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What you describe is rather common for a certain type of insomnia, called psychophysiologic.

The patient has evidence of conditioned sleep difficulty and/ or heightened arousal in bed as indicated by excessive focus on, and heightened anxiety about, sleep; difficulty falling asleep in bed at the desired bedtime or during planned naps, but no difficulty during other monotonous activities when not intending to sleep

And more from Therapy in Sleep Medicine:

Insomniacs often report that they fall asleep easily when watching television or reading in the living room, but become aroused upon going to bed. In addition to the previously mentioned tendency of insomniacs to associate bedroom stimuli with frustration, falling asleep when reading or watching TV may also result from the fact that doing so keeps the body in a quiet and relaxed position, and keeps the mind focused away from frustrating attempts to fall asleep. Support for the habit of reading or TV in bed is derived from Gallup polls, which indicate that about one third of all U.S. adults read themselves to sleep or fall asleep watching television in bed. Watching television has also been associated with falling asleep more easily on multiple sleep latency testing (MSLT). Nevertheless, there is considerable controversy regarding this recommendation, focused mainly on the success of Bootzin’s rules when used as a whole. Clinicians may, therefore, first advise the use of the bed only for sleeping, but if that does not help, they may suggest a trial of reading or watching TV in bed.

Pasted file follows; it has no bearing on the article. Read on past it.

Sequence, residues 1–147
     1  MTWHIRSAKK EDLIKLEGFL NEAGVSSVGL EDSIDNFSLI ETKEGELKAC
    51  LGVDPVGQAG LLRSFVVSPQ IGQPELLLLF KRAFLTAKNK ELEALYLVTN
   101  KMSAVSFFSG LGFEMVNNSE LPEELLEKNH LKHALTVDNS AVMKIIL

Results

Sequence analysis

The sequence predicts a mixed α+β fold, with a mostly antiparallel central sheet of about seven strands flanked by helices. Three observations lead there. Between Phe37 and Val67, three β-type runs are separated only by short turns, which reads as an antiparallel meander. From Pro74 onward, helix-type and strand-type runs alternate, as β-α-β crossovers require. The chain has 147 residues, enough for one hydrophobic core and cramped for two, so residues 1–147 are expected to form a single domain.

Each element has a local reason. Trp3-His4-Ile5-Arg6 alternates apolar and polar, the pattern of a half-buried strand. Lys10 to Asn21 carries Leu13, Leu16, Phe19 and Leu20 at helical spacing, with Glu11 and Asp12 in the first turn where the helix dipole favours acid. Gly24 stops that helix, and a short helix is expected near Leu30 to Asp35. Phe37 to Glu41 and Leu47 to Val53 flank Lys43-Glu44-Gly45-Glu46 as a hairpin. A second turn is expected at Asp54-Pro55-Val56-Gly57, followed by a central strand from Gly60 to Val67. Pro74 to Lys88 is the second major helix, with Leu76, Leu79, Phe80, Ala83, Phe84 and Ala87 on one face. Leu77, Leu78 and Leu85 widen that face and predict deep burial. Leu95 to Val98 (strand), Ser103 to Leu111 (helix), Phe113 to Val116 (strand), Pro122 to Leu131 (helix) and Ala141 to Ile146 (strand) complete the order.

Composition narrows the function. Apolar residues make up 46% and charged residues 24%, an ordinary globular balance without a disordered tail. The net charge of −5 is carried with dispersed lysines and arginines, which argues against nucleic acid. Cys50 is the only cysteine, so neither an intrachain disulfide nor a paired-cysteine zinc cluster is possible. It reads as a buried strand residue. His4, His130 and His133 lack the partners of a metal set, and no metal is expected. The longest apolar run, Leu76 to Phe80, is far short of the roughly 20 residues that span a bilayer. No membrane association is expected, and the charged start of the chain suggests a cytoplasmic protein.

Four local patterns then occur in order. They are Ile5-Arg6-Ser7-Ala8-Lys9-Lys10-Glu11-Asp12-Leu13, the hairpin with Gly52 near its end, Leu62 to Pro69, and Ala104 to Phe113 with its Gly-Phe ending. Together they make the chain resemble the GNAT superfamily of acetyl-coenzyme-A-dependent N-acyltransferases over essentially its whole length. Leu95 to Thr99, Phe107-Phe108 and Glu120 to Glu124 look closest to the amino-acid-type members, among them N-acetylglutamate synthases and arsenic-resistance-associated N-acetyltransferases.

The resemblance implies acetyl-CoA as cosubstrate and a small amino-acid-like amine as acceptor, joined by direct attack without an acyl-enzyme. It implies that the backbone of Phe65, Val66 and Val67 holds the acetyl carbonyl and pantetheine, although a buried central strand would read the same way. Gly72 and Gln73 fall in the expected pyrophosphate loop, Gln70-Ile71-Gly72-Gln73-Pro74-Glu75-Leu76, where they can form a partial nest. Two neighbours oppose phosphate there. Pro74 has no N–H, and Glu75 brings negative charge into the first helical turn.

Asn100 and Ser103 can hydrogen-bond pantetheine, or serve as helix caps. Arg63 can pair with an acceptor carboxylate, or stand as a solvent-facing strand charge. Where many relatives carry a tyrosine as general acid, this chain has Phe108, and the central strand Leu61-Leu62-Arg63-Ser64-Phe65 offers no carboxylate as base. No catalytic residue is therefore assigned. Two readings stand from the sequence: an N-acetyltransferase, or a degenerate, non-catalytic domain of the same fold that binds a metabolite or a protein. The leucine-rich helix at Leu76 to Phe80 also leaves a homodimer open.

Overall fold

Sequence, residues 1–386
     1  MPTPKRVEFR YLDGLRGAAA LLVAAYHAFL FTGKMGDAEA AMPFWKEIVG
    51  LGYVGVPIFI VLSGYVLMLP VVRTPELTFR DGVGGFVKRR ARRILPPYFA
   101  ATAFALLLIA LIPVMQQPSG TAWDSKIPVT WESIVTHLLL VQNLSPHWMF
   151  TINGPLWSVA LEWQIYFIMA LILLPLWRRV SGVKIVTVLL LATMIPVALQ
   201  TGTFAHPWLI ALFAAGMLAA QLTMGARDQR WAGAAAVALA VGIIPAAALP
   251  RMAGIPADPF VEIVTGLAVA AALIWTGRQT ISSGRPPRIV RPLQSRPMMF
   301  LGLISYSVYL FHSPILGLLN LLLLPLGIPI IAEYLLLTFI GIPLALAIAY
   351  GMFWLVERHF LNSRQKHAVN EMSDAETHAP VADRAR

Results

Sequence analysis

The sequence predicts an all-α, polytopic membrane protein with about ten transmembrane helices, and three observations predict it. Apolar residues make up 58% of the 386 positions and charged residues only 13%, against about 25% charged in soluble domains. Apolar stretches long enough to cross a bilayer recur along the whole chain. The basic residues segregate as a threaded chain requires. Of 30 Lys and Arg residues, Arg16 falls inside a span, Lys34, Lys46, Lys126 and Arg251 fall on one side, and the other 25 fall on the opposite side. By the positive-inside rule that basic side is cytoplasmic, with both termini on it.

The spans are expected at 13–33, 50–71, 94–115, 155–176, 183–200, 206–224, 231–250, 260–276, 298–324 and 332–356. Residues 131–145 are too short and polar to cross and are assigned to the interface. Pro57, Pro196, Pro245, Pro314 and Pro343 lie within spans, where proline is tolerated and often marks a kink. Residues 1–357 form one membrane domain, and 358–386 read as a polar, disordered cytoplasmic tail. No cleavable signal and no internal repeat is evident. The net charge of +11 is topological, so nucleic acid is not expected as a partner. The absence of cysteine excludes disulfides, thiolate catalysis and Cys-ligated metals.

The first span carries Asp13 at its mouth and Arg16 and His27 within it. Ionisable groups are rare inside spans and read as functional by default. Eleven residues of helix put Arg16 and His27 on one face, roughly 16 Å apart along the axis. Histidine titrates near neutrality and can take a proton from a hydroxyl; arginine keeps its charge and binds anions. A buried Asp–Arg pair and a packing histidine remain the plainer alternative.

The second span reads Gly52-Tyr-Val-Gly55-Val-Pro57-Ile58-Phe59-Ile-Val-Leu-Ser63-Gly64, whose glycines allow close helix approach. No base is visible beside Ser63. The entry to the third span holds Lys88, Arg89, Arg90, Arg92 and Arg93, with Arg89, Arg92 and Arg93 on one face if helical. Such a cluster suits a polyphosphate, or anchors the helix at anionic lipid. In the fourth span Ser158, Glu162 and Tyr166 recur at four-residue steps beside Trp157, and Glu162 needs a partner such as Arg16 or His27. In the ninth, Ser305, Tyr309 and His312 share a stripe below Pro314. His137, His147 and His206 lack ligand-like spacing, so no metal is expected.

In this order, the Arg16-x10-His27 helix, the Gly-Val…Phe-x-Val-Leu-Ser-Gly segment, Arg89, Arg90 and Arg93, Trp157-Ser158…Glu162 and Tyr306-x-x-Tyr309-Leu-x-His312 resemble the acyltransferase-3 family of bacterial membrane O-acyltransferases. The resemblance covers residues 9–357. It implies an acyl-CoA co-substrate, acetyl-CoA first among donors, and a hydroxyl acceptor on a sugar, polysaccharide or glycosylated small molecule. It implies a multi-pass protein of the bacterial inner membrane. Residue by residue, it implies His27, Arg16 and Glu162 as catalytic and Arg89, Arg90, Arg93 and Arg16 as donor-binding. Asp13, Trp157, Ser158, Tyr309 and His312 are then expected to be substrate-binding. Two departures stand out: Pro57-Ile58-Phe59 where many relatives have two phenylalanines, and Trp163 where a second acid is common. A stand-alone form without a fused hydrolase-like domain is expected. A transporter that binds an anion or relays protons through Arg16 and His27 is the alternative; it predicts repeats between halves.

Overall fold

For more on Bootzin's rules see this page for instance.

Unfortunately, not much can be said about 'why'; from the first source:

there are little to no data relating specifically to the etiology and pathophysiology of psychophysiological insomnia.

Having said that, it's also known from studies on night-shift workers that 20-mins to 1-hour nap improves alertness (cf. the Therapy book, which cites several studies e.g.), so it's rather common/expected that if you fall asleep at the TV you'll have a harder time falling asleep later, even if you don't have insomnia. The distinction is one of degree/intensity, I suppose.

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I found a very useful quote from a book by Ray Schilling. The book is called "Healing gone wrong, healing done right". Here's the quote: